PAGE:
Eagle Book Bindery Publishing Company (ISBN 978-1-934333-75-4)
If you had been a journalist for 50 years, what stories and columns would you select for a collection of 273 pages?
That was the challenge Iowa journalist Max McElwain faced in Sharing a Napkin: Selected Writings 1969-2019. McElwain has succeeded admirably in producing this selection.
What first struck me about McElwain’s collection was the sheer audacity, assuredness and intellectual vigor he showed at age 17 in his “Up Against the Wall” selections starting in July 1969 in The Woodbine (Iowa) Twiner where he bookended his long journalism career. The last selection in the book comes from The Twiner-Herald March 28, 2018, issue.
What came between was publication in The Council Bluffs Nonpareil, The Kansas City Evening News, The Kansas City Star (where Ernest Hemingway got his start), The Omaha World-Herald and Rolling Stone, among many other papers in Iowa, Nebraska and Missouri.
McElwain belongs to the fraternity of us having “ink in our veins”. No doubt his blood runs as black as tomorrow’s headlines.
McElwain’s stories and essays run the gamut from sports to columns. I was especially taken by his unpublished essay about his mother, “The school-teaching princess”.
In every high school in America, there are those students who never find a niche past their lockers. They are the ones who aren’t pretty and loud enough to be cheerleaders, not strong enough to be athletes, not popular enough to lead a club. My mother always found room for them – in a glee club, on a piano bench, in her music room. She got into trouble when students of hers checked out of study halls so they might spend time in the music room. Shy but pretty country girls, who had no place in school before, found themselves singing in my grandmother’s chorus, and they felt like somebody.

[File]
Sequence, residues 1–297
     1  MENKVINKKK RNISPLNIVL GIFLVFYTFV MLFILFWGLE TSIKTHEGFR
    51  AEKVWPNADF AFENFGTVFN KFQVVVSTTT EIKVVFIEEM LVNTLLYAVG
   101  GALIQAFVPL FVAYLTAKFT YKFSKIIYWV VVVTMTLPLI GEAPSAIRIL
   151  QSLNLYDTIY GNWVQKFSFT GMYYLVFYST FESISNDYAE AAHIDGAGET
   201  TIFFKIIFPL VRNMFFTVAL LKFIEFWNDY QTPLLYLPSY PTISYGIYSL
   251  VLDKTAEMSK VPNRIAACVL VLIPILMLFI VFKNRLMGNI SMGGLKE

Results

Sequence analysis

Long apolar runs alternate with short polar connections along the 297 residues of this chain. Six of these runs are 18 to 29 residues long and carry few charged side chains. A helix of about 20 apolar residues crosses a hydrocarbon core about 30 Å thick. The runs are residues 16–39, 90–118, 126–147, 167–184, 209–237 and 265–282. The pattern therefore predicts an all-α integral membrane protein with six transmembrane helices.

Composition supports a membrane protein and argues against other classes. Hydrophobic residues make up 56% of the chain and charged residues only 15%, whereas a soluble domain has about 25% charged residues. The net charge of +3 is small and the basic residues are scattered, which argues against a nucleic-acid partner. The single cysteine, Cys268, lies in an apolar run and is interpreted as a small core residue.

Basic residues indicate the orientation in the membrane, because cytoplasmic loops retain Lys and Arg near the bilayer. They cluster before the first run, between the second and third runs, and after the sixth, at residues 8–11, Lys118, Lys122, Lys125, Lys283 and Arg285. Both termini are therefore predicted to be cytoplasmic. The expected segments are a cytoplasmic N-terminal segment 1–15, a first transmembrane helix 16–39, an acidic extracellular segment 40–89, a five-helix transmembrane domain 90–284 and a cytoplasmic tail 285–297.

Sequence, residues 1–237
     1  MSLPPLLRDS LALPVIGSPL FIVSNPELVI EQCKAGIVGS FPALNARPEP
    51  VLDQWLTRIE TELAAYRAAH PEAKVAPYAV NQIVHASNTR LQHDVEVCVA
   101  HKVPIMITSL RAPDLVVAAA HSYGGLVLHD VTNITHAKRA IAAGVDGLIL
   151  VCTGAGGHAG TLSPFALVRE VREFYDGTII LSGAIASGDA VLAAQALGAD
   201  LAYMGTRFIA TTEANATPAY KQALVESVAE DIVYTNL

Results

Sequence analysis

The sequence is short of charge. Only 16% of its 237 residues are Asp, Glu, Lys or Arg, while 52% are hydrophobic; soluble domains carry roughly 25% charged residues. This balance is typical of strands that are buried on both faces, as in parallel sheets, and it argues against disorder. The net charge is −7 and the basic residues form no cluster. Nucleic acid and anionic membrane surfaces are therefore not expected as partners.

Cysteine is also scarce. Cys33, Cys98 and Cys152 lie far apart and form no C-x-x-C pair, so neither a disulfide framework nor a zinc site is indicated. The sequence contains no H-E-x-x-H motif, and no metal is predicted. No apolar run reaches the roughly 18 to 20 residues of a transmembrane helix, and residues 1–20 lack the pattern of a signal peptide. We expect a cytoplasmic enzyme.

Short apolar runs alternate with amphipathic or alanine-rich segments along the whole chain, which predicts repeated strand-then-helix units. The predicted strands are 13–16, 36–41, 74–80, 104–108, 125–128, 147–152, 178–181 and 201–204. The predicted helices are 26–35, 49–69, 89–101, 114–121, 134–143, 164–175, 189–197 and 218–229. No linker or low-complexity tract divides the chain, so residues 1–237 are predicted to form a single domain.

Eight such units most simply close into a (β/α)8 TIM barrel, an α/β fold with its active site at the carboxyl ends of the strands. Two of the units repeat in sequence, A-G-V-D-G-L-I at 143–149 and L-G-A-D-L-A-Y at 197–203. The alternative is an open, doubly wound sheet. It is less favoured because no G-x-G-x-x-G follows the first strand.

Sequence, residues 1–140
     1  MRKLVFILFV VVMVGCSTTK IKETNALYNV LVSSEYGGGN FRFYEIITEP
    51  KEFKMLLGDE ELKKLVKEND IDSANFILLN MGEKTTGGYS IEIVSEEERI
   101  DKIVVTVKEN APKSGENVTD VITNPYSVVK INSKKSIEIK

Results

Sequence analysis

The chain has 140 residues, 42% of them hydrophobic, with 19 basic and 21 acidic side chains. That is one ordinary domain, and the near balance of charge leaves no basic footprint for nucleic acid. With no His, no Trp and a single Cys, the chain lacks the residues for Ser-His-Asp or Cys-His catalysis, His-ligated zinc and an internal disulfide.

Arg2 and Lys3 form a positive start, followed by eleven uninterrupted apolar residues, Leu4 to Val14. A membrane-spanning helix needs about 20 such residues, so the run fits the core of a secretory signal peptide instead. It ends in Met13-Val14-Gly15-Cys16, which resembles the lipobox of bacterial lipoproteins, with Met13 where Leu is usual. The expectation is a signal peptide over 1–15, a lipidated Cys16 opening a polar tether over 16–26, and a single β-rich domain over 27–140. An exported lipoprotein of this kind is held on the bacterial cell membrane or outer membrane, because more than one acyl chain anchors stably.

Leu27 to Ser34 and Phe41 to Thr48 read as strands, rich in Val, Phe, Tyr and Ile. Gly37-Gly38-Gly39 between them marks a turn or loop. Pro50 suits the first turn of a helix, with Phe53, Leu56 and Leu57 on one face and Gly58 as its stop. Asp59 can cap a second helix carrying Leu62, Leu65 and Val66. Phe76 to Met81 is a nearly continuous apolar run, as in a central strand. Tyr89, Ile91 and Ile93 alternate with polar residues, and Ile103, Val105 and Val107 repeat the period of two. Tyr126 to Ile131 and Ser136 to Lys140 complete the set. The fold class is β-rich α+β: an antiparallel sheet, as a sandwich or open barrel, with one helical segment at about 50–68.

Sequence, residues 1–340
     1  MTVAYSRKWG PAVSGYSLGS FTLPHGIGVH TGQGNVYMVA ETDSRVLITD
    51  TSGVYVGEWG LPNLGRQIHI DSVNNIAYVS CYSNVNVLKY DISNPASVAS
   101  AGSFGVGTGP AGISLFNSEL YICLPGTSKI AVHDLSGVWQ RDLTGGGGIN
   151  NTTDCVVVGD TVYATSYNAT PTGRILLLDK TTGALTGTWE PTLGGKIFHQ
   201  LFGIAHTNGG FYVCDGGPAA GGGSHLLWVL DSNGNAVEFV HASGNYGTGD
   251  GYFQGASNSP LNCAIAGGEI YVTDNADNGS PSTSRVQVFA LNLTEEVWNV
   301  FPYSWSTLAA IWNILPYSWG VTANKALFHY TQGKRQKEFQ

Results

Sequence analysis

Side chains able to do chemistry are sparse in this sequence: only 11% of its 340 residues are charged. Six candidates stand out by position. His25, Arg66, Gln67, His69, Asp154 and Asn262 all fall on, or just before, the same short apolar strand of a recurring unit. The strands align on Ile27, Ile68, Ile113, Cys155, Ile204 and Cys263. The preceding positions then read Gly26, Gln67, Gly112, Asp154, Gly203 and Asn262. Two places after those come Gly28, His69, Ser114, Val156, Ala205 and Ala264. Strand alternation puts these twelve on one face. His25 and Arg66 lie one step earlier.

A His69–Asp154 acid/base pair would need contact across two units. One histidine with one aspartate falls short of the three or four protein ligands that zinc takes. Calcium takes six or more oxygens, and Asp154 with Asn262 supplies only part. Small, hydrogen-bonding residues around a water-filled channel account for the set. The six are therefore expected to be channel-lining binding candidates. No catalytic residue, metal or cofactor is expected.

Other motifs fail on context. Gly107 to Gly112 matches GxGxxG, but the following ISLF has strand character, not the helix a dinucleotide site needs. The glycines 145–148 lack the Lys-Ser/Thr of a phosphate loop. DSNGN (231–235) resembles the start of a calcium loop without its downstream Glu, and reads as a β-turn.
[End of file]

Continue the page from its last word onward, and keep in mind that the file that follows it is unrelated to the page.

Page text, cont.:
Years later, I would sit in the Corn Palace in Woodbine and girls I didn’t know would walk up to me and say, “You don’t know how much your mother did for me.”
McElwain was not afraid to challenge sacred cows. In “The Only Fun in Farmland”, published in Sport Magazine in 1985, he contrasted the farm crisis with the unfading support of the Iowa Hawkeyes football beam.
Now on these pale Saturday afternoons, as lives outside the stadium shatter, and land values and market prices tumble and debts pile up, the only numbers that matter are meaningless numbers on a scoreboard.
McElwain’s collection goes beyond one man’s journalism career. It’s a slice of American pie that we can all bite in and chew and tell ourselves, wasn’t it lovely.
(Michael Tidemann writes from Estherville, Iowa. His author page is amazon.com/author/michaeltidemann.)
Sentinel Rural News is the leading source of news for Central Wisconsin. We utilize local writers as our content creators while including contributors of expertise from across the country.